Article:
Myanmar’s junta may be on the verge of ‘collapse’

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For close to three years, Myanmar’s junta has held down the fort. It interrupted the country’s fledgling, imperfect exercise in democracy with its Feb. 1, 2021, coup that threw out a civilian-led government and saw the detention of myriad elected leaders, including Nobel laureate Aung San Suu Kyi. It withstood the popular pro-democracy uprising that followed, gunning down nonviolent protesters and jailing activists, artists and other dissidents. It shrugged off international censure and opprobrium, long-accustomed to operating on the world stage as a pariah. And it settled in for a multi-front civil war against an array of rebel outfits, from ragtag revolutionaries to the entrenched and well-equipped ethnic armies that have operated for decades in the country’s restive highlands.

For a time, the junta seemed to be keeping threats to its primacy at bay. It adopted brutal tactics, including the indiscriminate bombing of villages full of civilians, that helped contribute to nearly 2 million people being displaced. But it seems the generals are now reeling in the face of an organized offensive by a coalition of rebel factions that’s inspired fresh campaigns by other groups, all of whom sense the tide of battle turning.

On Oct. 27, an alliance of three ethnic armed organizations, dubbed the “Three Brotherhood Alliance,” launched a surprise campaign that overwhelmed the junta’s forces across a swathe of Myanmar’s northern borderlands. “In the span of 10 days, the Three Brotherhood Alliance said it had captured more than 100 military outposts and seized control over several major highways and border crossings, which is expected to hurt the junta financially,” my colleague Rebecca Tan reported a month ago. “Photos and videos posted on social media show rebel soldiers marching triumphantly through townships and posing in front of weapons reportedly taken from military battalions.”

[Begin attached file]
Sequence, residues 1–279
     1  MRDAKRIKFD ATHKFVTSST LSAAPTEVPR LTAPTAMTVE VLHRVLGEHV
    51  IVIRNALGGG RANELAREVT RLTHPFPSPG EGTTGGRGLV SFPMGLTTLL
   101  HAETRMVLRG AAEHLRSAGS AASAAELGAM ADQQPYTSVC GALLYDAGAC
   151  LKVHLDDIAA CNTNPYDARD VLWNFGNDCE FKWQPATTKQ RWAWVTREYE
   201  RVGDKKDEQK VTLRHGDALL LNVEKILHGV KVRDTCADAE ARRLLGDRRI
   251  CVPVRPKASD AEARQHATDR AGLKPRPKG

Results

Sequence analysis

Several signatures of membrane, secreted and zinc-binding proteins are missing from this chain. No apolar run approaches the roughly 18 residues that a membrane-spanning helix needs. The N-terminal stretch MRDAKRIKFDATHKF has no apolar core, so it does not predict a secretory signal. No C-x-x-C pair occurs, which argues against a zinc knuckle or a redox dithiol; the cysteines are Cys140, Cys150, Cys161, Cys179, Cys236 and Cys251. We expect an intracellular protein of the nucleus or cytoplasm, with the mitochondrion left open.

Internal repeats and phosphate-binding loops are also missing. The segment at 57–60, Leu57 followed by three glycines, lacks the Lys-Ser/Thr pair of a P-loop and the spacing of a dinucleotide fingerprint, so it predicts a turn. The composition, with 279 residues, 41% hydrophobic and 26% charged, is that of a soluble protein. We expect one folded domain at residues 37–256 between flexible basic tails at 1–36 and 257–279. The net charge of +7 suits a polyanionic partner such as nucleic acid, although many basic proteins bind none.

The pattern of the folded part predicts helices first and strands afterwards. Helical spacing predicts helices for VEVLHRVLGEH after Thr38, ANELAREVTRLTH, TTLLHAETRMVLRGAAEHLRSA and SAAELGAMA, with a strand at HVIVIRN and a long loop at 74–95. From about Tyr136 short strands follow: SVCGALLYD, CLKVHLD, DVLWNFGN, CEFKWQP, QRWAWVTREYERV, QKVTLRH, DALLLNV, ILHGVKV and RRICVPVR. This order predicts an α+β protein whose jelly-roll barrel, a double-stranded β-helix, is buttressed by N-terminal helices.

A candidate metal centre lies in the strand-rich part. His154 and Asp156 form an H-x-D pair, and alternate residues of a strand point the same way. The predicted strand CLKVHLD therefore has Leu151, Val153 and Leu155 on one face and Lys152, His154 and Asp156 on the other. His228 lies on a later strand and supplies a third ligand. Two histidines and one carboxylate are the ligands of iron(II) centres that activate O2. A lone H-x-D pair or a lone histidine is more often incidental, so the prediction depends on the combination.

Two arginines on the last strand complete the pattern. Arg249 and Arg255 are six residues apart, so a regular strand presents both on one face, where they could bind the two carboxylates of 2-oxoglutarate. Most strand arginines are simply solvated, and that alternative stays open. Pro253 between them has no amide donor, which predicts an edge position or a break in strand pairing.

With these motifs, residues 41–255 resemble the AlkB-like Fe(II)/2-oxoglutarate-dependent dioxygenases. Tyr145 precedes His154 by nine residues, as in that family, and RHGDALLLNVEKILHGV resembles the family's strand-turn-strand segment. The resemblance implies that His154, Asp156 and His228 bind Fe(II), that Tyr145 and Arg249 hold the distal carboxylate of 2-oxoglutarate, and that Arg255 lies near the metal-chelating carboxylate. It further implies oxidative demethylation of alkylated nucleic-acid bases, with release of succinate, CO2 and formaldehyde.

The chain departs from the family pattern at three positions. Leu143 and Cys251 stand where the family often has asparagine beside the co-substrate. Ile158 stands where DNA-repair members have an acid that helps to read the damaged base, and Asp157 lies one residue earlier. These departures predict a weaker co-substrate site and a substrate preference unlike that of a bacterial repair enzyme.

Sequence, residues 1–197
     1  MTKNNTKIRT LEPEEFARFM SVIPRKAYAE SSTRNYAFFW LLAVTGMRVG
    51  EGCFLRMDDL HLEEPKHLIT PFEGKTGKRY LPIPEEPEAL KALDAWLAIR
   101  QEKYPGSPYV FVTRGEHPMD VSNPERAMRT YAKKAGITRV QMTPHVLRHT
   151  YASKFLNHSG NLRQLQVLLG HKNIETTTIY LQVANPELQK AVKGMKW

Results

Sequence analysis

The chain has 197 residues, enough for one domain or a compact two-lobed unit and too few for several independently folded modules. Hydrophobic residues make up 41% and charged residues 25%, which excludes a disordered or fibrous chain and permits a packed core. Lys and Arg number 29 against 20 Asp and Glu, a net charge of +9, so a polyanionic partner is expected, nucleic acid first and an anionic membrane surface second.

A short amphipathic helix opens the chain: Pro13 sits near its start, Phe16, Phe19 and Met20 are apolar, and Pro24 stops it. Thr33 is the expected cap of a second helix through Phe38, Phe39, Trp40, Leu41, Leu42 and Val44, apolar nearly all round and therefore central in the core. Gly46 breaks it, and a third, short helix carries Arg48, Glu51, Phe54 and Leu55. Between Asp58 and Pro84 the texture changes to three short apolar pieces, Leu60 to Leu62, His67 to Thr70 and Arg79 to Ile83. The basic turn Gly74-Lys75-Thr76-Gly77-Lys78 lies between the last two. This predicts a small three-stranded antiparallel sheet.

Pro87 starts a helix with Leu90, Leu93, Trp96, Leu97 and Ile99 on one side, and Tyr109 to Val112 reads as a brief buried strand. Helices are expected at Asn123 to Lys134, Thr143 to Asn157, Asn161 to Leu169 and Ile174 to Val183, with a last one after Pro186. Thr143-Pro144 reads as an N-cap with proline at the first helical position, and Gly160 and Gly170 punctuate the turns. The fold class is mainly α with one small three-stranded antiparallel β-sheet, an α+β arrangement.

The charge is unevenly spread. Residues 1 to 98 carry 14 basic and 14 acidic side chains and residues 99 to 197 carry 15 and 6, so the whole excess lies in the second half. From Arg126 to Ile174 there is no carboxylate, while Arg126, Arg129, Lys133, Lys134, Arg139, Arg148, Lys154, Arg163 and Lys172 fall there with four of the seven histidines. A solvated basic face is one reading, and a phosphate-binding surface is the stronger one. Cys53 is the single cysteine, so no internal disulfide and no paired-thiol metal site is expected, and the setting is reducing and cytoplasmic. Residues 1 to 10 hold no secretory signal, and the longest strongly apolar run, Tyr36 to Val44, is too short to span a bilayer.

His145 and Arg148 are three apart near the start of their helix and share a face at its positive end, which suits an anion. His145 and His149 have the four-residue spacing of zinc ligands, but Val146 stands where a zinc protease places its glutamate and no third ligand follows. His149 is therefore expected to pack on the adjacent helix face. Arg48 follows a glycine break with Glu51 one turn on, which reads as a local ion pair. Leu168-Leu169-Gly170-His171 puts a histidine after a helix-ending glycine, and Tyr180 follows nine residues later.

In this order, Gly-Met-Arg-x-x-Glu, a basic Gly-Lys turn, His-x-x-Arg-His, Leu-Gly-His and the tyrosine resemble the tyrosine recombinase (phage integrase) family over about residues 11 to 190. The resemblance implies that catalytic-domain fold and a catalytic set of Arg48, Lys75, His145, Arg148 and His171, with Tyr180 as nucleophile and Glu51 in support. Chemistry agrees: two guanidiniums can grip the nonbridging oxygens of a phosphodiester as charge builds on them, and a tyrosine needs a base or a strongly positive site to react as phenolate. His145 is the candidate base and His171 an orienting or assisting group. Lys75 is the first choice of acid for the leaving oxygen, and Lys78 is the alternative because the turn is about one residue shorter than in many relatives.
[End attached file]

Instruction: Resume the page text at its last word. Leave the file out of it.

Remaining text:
The junta’s opponents, within and outside the country, see a crucial opportunity. “The morale of the military junta and the soldiers is at its lowest in history because they are losing their rationale [for governing],” Zin Mar Aung, shadow foreign minister of the opposition National Unity Government, told Nikkei Asia this week. “We are receiving many defectors and most of the military camps are ready to surrender.” She added that “the military is getting ready to dissolve by itself” and could be “ready to collapse.”

In the jungle with Myanmar’s oldest rebel group amid new threat to junta

That’s a bold claim, especially given the military’s long history of clinging to power in Myanmar. But the pressures are clearly mounting on junta leader Gen. Min Aung Hlaing, who on Monday urged the ethnic armed organizations to “stop being foolish” and resolve their differences with the central government “politically” — an overture dressed up in tough rhetoric that analysts suggest reveals the regime’s growing weakness. It’s losing ground, troops and military materiel by the day.

“The Tatmadaw appears overstretched,” Rahman Yaacob of Australia’s Lowy Institute think tank wrote this week. “Besides engaging the rebels, the junta has to contend with anti-junta forces in areas under its control, demonstrated by the reported assassination of one of the junta’s cronies in Yangon.”